Re: Kilpatrick's pal thrives on city contracts
- So, Ferguson's expertise is in excavation, Translation: digging
holes. He is really digging a hole here/.
--- In Detroiters@yahoogroups.com, "black_detroiter1"
> Kilpatrick's pal thrives on city contracts
> Change orders pump up cost of Ferguson's deals; Kilpatrick, water
> board deny there's favoritism
> Robert Snell and Ron French / The Detroit News
> DETROIT -- A friend of Mayor Kwame Kilpatrick's has received at
> $170 million in city contracts -- $109 million from the DetroitWater
> and Sewerage Department alone -- since the mayor took office in2002.
> Bobby Ferguson, who has been at the mayor's side at black-tie social
> events and on the backs of motorcycles, has long claimed the
> relationship hurts his general contracting company's ability to land
> contracts. But an analysis of records by The Detroit News shows his
> share of water department contracts has jumped more than 20-fold
> Kilpatrick took office. Half of them have doubled, tripled or almostthe
> quadrupled in price because of additional work -- a cost that is
> spread among customers in 126 communities across southeast Michigan.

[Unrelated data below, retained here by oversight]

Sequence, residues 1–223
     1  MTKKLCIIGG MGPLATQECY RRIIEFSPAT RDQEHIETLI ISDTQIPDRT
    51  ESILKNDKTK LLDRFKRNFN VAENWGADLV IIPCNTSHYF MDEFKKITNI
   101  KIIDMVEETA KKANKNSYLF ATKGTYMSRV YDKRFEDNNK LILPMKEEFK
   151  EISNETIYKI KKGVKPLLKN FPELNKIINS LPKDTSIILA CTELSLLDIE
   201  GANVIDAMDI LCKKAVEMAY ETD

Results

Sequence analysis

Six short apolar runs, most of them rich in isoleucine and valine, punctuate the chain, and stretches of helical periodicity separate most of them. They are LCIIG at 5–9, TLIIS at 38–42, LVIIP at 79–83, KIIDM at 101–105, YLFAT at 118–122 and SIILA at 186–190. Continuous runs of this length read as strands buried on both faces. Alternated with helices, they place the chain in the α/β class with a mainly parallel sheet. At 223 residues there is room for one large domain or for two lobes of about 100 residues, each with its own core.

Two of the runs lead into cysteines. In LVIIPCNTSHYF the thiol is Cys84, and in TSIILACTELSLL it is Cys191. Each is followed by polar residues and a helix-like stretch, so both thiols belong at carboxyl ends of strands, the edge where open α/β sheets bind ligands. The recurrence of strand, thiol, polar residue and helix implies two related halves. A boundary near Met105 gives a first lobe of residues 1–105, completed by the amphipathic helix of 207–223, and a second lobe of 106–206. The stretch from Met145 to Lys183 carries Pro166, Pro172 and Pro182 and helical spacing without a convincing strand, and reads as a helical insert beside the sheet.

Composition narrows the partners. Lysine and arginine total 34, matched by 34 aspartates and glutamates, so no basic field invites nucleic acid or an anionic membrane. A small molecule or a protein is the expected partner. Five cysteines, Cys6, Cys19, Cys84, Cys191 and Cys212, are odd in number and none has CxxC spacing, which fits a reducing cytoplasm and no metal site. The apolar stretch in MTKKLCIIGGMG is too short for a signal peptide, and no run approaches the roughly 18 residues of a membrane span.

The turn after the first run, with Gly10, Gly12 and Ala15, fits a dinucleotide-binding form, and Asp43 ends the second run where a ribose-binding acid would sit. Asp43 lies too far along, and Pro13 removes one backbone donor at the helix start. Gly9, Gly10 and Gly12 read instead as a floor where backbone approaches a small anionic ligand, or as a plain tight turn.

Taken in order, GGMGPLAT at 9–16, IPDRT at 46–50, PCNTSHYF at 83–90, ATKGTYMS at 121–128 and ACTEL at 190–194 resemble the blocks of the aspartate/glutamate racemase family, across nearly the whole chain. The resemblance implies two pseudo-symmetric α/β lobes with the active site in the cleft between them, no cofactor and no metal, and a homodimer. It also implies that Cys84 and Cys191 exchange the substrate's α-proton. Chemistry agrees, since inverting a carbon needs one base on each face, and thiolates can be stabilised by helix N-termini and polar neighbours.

> Councilwoman Sheila Cockrel called The News' analysis "explosive."
> "It's a question of appearance," Cockrel said. "If you are part of
> inner circle of the mayor, there must be boundaries on how much workoffice
> you do with the city.
> "The numbers you've shown me raise questions that require serious
> investigation to determine if procedures were followed and whether
> there is material evidence of improper influence by the mayor's
> in the awarding of contracts."by
> In one case, a rival contractor said he was forced out of business
> Ferguson, whom he accused of underbidding competitors only to reapbig
> profits later through unbid, uncompetitive contract increases --Ferguson
> called change orders.
> Ferguson did not respond to an interview request or a list of
> questions e-mailed to him.
> Water and sewer spokesman George Ellenwood said Ferguson has not
> received preferential treatment. Others in the department say
> does a good job with excavation and other work.bid
> "There is no favoritism," Ellenwood said. "These are competitively